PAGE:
Oops! All spam

If you subscribe to the newsletter feed of this website, you probably got something like 14 messages yesterday from me. My apologies … I uploaded a bunch of old cartoons to the site and had no idea WordPress would send them all out individually until my phone blew up and I saw that I had 14 emails … from myself.

I’m very sorry if you were spammed, and I’ll try to make sure that doesn’t happen again.

The big news is the announcement that the Pittsburgh Post-Gazette is buying the region’s alternative weekly, Pittsburgh City Paper, from the owners of the Butler Eagle in Butler County. (The two companies have already been friendly. Butler Eagle has been printing the Post-Gazette during the Post-Gazette’s ongoing strike, and tried to stop City Paper from reporting it, which led City Paper’s then-editor, Lisa Cunningham, to resign in protest in October 2022.)

The Butler Eagle is a conservative paper, both in its editorial outlook and business operations. So the idea of them owning City Paper — which had long been a champion of progressive causes, including police oversight, government accountability, social services and racial and LGBTQ equality — always seemed odd, even back when it was announced in 2016.

But given the Post-Gazette’s hard right turn in recent years, both on its editorial page and in how it’s dealing with its own employees, City Paper is an equally bad fit there.

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Like it so much, I’ll doodle some more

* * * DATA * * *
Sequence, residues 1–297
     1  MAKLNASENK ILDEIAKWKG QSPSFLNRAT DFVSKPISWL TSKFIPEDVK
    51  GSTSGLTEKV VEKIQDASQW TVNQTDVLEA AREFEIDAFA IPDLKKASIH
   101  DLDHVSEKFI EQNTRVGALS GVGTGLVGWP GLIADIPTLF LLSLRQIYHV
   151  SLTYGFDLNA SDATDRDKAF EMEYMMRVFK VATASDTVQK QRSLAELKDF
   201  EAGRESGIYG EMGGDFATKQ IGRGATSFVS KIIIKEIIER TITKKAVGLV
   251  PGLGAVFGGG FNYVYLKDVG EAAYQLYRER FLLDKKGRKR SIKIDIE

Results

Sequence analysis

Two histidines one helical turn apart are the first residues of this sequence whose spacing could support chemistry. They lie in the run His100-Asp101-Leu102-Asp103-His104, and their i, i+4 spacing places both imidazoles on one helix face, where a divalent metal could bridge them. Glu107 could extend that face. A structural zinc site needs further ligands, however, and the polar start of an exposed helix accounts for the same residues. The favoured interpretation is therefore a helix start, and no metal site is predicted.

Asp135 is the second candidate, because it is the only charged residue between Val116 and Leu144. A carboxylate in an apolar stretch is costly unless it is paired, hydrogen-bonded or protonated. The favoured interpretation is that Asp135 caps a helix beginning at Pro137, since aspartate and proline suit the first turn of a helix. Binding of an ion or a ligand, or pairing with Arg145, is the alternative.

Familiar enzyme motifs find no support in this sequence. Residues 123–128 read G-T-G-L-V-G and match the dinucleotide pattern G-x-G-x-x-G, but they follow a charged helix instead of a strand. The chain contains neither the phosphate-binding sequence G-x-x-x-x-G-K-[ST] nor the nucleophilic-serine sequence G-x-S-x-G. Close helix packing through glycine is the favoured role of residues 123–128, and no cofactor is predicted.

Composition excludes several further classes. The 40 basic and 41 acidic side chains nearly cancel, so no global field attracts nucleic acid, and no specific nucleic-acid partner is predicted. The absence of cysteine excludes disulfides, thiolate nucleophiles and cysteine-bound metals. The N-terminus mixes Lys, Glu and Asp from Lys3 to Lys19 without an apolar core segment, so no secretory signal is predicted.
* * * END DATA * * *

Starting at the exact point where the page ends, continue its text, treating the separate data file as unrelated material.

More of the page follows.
(Optional soundtrack for this post.)

I suppose the fact that my real name isn’t “Jay Thurber” isn’t a surprise to a lot of folks. I picked the DJ name more than 20 years ago as a tribute to my favorite writer and cartoonist, and it just kind of “stuck.” But I use my real name everywhere else (including the talk show I produce for WEDO and WZUM), and on the cartoons I draw each month for CQ Amateur Radio Magazine.

I’ve been drawing ever since I could hold a crayon, and took some summer art classes in high school, but I’m more or less untrained, and it sometimes shows. I didn’t learn how to use a lightbox until very recently, and I stuck to an old-fashioned metal pin and inkwell for much too long. I still haven’t learned to use a digital tablet and stylus.

I did editorial cartoons for the college paper, as well as a weekly comic strip, but after graduation, I more or less went back into the art closet, so to speak, for about 10 years, rarely drawing anything. (For a short time in the 2000s, I was freelancing editorial cartoons for a small chain of weekly papers in New England, but the editor who was buying them had … shall we say … a difference of opinion with the owners, so that ended that.)

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If a cluttered desk is a sign of a cluttered mind, what’s an empty desk?

Artist’s depiction of Jay Thurber, hard at work. (1906 New York Zoological Society photo, Library of Congress collection)

The late Phil Musick referred to them as “some things I think I think.” I call them “empty items from a cluttered mind”:

Today is “Wear a Hoodie to Work” Day, in honor of John Fetterman, who is being sworn into office as a U.S. senator at 12 noon.

In response, Republicans and Dr. Oz have declared today “bring crudites to work day.”

If Ben Garrison is going to war with Scott Adams, my biggest question is: “How much popcorn should I make?”